In another aspect of the present invention, a thin coating of optional anti-corrosive material may also be applied to the diamond tool following the brazing process. Addition of the anti-corrosive material effectively “seals” the working surface of the tool. Thereby protecting the abrasive particles, the brazing alloy, and/or the overlay material from chemical attack by various chemicals and/or coolants found in actual use of the tool. The anti-corrosive material generally includes a super-abrasive material, such as diamond-like carbon, or amorphous diamond. Similar to the overlay material, the anti-corrosive layer may have a predetermined thickness, so as effectively seal the working surface of the tool without interfering with the performance of the abrasive particles.
Yet another important aspect of the present invention is the ability to specifically control the placement of various superabrasive particles on the surface of the tool. Thus, for example, several sheet segments may be assembled to form a tool precursor (see
By assembling layers of metal matrix having superabrasives thereon in a predetermined pattern and concentration into a three dimensional body, the present invention not only provides the desirable diamond distribution pattern in the tool body, but also provides the flexibility for possible manipulation of diamond concentration at different parts of the same tool body. Thus, for example, diamond particles can be disposed in denser concentrations in some layers than others, and the layers with the greater diamond concentrations can be disposed within the three-dimensional structure created in such a manner as to prevent the uneven wear patterns that are typical in many prior art abrasive tools.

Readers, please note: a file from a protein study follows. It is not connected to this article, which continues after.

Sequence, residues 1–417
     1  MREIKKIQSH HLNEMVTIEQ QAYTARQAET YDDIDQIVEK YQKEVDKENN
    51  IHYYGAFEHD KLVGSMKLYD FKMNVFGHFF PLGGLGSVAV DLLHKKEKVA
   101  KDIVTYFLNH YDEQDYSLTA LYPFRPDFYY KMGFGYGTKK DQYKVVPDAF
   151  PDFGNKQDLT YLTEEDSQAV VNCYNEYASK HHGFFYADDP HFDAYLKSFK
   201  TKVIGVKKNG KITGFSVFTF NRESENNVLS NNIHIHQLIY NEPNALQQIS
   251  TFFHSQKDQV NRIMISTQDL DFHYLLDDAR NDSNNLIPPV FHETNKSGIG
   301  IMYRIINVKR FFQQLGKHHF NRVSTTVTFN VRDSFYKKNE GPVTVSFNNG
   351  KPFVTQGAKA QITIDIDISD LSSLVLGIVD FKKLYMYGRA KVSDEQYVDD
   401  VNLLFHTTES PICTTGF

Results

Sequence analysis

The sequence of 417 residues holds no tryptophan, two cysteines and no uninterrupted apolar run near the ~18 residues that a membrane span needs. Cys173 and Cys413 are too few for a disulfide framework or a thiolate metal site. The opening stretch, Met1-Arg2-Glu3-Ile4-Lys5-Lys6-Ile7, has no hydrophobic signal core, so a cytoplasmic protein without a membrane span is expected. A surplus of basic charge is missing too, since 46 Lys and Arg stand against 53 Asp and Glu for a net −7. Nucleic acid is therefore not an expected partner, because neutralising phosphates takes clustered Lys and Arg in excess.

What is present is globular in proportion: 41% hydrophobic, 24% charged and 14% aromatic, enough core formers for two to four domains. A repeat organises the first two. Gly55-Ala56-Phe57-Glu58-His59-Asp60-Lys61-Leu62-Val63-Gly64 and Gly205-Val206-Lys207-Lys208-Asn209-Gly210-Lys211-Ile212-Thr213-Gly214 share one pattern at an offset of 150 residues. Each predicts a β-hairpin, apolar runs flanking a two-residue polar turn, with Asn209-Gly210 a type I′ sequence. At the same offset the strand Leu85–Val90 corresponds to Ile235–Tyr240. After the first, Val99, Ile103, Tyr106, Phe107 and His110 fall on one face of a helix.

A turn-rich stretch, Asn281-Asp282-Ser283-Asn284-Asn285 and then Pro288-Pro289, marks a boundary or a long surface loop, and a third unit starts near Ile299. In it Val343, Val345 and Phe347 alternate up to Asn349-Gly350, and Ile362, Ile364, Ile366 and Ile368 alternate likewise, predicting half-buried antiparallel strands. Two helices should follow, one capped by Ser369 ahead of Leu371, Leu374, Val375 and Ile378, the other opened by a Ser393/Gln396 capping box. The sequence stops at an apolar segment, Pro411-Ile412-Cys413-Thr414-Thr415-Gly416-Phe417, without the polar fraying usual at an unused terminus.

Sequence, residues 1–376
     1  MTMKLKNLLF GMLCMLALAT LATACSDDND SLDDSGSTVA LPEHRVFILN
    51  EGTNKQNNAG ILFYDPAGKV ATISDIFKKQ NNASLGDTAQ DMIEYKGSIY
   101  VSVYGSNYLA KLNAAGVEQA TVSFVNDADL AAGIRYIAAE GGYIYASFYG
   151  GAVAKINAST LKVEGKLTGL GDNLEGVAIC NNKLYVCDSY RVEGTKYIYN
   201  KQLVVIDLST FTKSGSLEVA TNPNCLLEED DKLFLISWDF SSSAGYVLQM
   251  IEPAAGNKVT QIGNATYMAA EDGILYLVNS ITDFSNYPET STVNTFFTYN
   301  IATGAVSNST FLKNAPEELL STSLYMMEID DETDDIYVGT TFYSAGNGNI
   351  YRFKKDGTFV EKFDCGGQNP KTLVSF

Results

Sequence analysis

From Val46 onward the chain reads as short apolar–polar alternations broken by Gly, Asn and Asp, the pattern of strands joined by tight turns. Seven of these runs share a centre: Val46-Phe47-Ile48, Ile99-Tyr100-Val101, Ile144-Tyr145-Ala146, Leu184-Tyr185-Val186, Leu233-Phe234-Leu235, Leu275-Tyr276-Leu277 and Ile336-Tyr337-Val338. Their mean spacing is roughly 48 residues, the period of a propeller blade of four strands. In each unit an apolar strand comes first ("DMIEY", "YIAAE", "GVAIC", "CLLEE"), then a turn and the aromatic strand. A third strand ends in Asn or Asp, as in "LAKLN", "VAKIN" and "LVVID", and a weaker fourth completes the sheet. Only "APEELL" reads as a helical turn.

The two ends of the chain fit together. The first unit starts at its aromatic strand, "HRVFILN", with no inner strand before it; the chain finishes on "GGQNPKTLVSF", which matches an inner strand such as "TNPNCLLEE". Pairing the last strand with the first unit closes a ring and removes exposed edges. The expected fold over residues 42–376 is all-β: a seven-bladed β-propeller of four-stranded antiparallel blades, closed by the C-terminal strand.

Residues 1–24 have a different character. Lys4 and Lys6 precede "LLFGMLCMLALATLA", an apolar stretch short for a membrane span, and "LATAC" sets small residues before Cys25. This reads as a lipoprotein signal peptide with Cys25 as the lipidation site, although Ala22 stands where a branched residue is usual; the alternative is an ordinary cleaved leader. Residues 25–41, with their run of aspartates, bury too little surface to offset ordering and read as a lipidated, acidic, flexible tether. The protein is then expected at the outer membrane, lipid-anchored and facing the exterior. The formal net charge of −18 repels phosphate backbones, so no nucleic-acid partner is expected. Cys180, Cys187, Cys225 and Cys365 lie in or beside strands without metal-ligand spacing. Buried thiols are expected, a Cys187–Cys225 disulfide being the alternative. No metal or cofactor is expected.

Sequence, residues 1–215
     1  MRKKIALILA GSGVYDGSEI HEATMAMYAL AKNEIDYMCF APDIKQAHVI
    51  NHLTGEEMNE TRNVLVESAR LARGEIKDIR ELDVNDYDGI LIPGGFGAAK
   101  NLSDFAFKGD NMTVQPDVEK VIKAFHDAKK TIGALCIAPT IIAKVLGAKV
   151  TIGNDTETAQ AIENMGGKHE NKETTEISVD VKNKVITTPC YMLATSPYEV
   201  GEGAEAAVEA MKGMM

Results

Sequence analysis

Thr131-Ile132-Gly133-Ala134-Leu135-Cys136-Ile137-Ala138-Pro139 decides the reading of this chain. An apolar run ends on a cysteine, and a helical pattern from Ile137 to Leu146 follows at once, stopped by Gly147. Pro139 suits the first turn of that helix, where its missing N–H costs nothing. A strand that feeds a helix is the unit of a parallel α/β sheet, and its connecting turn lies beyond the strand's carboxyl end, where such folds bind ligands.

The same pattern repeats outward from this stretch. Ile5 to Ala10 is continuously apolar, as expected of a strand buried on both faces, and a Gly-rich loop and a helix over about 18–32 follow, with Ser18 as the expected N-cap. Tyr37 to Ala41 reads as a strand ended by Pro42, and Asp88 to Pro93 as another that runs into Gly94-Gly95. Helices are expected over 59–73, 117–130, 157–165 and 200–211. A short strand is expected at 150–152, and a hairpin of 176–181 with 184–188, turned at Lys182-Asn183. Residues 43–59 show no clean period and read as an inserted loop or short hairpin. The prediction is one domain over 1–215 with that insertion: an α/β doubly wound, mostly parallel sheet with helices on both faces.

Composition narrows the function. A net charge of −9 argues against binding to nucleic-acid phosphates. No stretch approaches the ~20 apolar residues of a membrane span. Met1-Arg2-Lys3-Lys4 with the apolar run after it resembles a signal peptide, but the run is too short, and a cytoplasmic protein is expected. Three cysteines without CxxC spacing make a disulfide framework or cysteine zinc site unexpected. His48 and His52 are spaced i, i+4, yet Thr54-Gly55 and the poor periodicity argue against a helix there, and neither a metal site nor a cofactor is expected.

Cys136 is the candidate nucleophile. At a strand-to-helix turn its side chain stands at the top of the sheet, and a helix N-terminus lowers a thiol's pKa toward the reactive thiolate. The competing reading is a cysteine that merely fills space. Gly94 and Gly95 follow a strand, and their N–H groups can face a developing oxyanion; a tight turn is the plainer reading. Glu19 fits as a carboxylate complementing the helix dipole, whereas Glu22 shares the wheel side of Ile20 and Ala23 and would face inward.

Another example of the importance of improving the performance of abrasive tools by employing a specific pattern or design of abrasive particles is in dressing applications. As indicated above, the use of a template allows the positioning or placement of abrasive particles, each at specific locations in accordance with a predetermined pattern. In one aspect, such patterns may be designed to present specific gaps or configurations that enhance the grooming of a CMP pad. For example, the working surface of the CMP pad dresser may be configured to facilitate the rising of the CMP pad under an interior, or central portion of the dresser, rather than only along an outside or “leading edge” thereof. Such additional rising allows the dresser to more effectively cut into and groom the pad.